AudioEvangelism.com - Lessons from Our Treehouse (Part 3) Lessons from Our Treehouse (Part 3)

I've shared two life lessons from our treehouse thus far:

  1. IT IS DIFFICULT TO SUCCEED WITHOUT DETERMINATION & SACRIFICE.
  2. THE EARTH IS THE WRONG STANDARD.

Finally, let's consider three more lessons on this topic:

3. TRUST YOUR FATHER.
Believe it or not, for the first three years, I could not get any of the boys to slide down the fireman's pole attached to the treehouse. They would always climb back down the rope ladder when they were done playing. Admittedly, it is a bit intimidating the first time you grab on and commit to sliding down 13 feet to the ground. I encouraged them every year to try it and explained and demonstrated the basic technique multiple times: Place both hands firmly on the pole and then "hop on" (wrapping both legs around it) and slowly slide down using a hand-over-hand technique. I can't count how many times one of them would stand with two hands on the pole and their feet firmly planted on the treehouse floor as if grounded in concrete, trying to get up the nerve! I always stood at the base of the pole, looking up with words of encouragement. Finally, last year, Abel got up enough courage to try it. I told him that I'd be there at the bottom to catch him if he slipped or fell. Truth be told, I'm not sure how well I could have caught him had he fallen from the top, but I would have done my best to break his fall! Thankfully, his first trip down went perfectly and he loved it. He finally pulled his feet off the floor and wrapped them around the pole and slowly descended to me at the bottom to embrace him. He went up and down many times that day and his brothers, who still didn't have the nerve, were envious of the new skill and the ice cream I bought him to celebrate.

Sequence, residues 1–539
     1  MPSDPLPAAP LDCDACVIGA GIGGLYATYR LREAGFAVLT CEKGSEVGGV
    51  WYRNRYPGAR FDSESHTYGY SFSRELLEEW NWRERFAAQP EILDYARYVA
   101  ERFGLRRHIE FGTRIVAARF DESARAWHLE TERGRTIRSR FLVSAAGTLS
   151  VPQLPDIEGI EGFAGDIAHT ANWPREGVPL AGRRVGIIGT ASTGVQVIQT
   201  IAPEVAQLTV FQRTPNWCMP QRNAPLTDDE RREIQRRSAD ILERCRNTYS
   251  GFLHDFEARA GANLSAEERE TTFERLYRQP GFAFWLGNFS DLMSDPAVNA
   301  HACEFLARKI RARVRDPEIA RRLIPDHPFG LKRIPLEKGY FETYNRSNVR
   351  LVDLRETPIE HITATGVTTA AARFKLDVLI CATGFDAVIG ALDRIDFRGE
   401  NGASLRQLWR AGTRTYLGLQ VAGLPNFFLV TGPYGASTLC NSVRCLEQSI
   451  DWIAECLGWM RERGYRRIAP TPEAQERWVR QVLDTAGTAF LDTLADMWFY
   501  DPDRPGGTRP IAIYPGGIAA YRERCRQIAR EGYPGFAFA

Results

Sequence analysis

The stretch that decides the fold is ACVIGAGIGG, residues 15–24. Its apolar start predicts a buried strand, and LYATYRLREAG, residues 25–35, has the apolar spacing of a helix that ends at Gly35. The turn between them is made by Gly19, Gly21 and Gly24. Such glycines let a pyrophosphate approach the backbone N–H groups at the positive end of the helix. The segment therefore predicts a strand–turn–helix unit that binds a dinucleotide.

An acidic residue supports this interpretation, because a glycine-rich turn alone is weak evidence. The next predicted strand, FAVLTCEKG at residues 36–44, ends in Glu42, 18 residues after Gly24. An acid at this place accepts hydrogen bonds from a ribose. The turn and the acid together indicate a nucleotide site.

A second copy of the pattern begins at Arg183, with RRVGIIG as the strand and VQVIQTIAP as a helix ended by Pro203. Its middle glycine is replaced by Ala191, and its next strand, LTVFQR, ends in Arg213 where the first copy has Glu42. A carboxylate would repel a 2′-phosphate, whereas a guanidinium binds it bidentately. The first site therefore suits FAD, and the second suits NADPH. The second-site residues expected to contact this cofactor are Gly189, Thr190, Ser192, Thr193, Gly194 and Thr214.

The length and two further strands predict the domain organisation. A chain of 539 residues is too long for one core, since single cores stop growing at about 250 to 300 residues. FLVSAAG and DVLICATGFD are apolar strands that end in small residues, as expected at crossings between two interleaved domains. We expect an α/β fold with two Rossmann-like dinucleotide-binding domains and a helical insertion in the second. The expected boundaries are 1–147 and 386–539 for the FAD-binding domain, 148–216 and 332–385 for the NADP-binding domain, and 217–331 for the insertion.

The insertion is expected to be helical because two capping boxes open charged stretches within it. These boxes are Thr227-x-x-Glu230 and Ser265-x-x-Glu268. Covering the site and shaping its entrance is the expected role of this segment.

I wish Abel would have trusted me, his father, earlier. But, he let his fear rule him for quite a while. Christians sometimes do that in life. They possess a level of trust in God and the promises of His word, but they are weak and allow fear to dominate them. Consequently, they end up living their lives more "by sight" and less "by faith" (cf. II Cor. 5:7). It's hard to break free from old habits and fears, but we must in Christ! We must trust and obey our heavenly Father in all things. "For God has not given us a spirit of fear, but of power and of love and of a sound mind" (II Tim. 1:7). We have every reason to trust God, our Creator, Sustainer, & Savior. "Trust in the LORD with all your heart, and lean not on your own understanding; in all your ways acknowledge Him, and He shall direct your paths. Do not be wise in your own eyes; fear the LORD and depart from evil. It will be health to your flesh and strength to your bones" (Prov. 3:5-8).

4. COURAGE IS CONTAGIOUS.
After Abel's success, the other brothers were emboldened. Just this year Amos, who is 5 years old, finally went down the pole. Abram, who is 7 years old, had been so close to going down for so long. Immediately after his little brother conquered the pole, he had to do it--and he did! Sometimes courage is contagious.